Judo Bank has stated it won’t refuse or decline certain types of businesses from using its banking services but would make decisions on a case-by-case basis.
At the 'Australia as a Technology and Financial Centre' senate inquiry, Judo Bank chief executive Joseph Healy was questioned on its practices for offering banking services.
One of the issues being canvassed by the committee is "de-banking", where fintechs and cryptocurrency companies are declined services from the major banks.
Healy said Judo Bank would stand behind its ‘four C’s of banking’ - character, capacity, capital and collateral - when considering providing services to a business in the digital assets space.
He said the challenger bank would “look at these business models, the same way that we look at any other business model.”
“We do not exclude any sector of the economy," Healy said.
"We take the view that each business is quite unique in nature.
“It's important to understand the business in your assessment of the risk, rather than having a blanket policy that says ‘we will not lend money to a particular sector.’ ”
Healy stated that while Judo Bank currently has no cryptocurrency business customers, “there is no reason why we would not offer [them] a service”.
One neobank that has already declared an interest in the cryptocurrency business is Volt, which recently partnered with exchange BTC Markets to offer banking services to BTC Markets' customers.
Comparatively, in the same inquiry Westpac submitted that it has declined or chose to ‘debank’ eight fintechs in the space of a year.
Westpac said these organisations posed too high of a risk due to “a range of reasons”.
Judo Bank's Healy said better regulatory guidance could help alleviate these kinds of issues.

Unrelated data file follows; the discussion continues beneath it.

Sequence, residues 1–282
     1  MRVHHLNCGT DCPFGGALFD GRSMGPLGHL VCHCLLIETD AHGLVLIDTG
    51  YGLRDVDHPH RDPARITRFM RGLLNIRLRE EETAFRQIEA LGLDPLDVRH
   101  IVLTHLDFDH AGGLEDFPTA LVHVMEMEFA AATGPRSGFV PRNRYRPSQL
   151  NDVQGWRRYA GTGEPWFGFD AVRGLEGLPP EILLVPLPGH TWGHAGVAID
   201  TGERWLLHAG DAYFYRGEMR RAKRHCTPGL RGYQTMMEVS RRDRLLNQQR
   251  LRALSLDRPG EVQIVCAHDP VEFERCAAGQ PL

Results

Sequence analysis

“It's a legitimate concern that regulation tends to move at a snail's pace," he said.
"Relative to the rapid pace of financial innovation, that is the fundamental problem.
“The challenge from a policy perspective is to have a fresh look at the regulatory environment to make sure that it's keeping pace, and actually being supportive of financial innovation.”
Healy said cryptocurrency businesses and fintechs are moving faster than the required regulations that banks must follow.
“It does cause concern that there is a part of the financial system that is growing very fast, but it's not subject to regulation, and therefore the concern is that there are risks that could be building up, both in terms of individual entities but more systemically [in terms of] the need to better understand and manage [these]," he said.
Healy added it is vital Australia is “very supportive” of the digital community since “the future and the innovation in the financial system largely going to come from the fintech community.”
Australia is incredibly profitable, said Healy, “but it's one of the most profitable banking systems in the world because it's weak in terms of competition.”
“All of the incentive of the incumbent system is to maintain the status quo whilst obviously publicly toeing the line, so to speak, in terms of being supportive of competition," he said.
“The reality is that we have a system that is heavily concentrated and dominated by powerful players who have an ability, if not to stop, [then] certainly to slow down innovation, and that's not good.”
Healy added “powerful players, particularly privileged players like the banks, [should] not be allowed to frustrate innovation and competition”.
He alleged that acquisitions of fintechs by larger players tended to lead to the fintechs becoming “suffocated, stifled, and ultimately killed by bureaucracy”.
“I can't think of any example … where a small, agile innovator, that suddenly [was] acquired by a large company goes on to prosper," he said.
“There is a real opportunity, specifically in the context of the financial services sector, to have a pro-competition approach that stops smaller startup innovators being subject to the acquisition by a large incumbents.”